Boxing legend Muhammad Ali’s little-known artwork fetches nearly $1 million at auction
Although Muhammad Ali has been dead for five years, he’s still surprising the world. On Tuesday, 28 pieces of the legendary boxer’s artwork were put up for auction — and they fetched nearly $1 million.
Ali’s art career, which comes as a surprise to many, was due in part to his old friend Rodney Hilton Brown.
“I had taken over a failing art gallery in Soho, and I was looking for a world class famous figure that could paint some paintings that we could make limited edition prints of and sell,” Brown said.
No one was bigger in the mid-1960s than Ali. Brown approached him, and Ali was game.
“He never claimed to be a great artist,” Brown recalled. “He knew he was the greatest boxer in the world, but when it came to art, he said to me, ‘I paint pictures with meanings.'”
Two dozen of Ali’s works, auctioned off on Tuesday, reflect what the champ was thinking, not only about boxing — but also about religion, war and social justice.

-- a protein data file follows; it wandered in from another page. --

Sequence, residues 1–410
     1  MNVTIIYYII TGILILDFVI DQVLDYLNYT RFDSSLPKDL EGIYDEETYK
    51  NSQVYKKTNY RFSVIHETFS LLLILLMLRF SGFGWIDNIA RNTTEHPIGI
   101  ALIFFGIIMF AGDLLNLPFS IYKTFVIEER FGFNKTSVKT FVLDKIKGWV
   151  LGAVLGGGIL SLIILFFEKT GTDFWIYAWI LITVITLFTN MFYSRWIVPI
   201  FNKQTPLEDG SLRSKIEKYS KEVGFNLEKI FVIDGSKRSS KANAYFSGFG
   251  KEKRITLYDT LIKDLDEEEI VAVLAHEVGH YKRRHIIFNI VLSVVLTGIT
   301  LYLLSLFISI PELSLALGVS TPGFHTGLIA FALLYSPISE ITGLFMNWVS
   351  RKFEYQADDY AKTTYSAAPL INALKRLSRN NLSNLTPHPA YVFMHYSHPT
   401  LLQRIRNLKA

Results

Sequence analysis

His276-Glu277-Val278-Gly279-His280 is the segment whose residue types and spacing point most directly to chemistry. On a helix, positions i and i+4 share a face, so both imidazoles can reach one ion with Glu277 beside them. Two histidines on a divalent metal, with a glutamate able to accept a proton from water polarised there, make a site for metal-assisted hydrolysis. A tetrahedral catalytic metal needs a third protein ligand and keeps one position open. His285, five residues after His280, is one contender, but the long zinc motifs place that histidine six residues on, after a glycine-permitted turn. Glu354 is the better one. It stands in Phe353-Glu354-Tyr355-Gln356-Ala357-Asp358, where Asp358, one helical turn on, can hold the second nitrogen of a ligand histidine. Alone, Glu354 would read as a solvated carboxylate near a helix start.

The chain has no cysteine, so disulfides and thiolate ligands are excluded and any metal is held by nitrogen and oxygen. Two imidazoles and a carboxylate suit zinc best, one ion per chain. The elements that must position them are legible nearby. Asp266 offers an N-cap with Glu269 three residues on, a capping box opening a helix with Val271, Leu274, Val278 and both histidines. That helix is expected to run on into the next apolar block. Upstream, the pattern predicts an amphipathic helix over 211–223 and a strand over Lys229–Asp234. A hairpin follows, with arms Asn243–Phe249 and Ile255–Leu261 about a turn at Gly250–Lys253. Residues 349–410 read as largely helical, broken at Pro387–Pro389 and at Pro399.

“I think the thing about these works is the subject matter are all things that were close to his heart,” said Helen Hall, who works with the auction house that handled the “Who Knew?” collection. “He’d draw his boxing matches and he references Islam, references race riots that happened in the ’60s. So they’re personal works — which makes them so — well, when I first opened the box and saw them in the flesh I got goosebumps.”
The artwork fetched a high price. All but two of the 28 listed paintings sold on Tuesday, netting a total of $945,524, the auction house told CBS News. “Sting Like a Bee,” which depicts him in the ring surrounded by fans, sold for $425,312 alone.
Ali learned to paint from his father, Cassius Clay Sr., according to the auction house. The company said Ali painted and drew “informally” when he was young, before taking lessons from LeRoy Neiman.
Ali was a three-time world heavyweight boxing champion and a cultural icon. When he retired from the sport at age 39, he had a pro record of 56 wins and five defeats. He died in 2016 at age 74.
A broad range of brilliance — befitting of “the greatest.”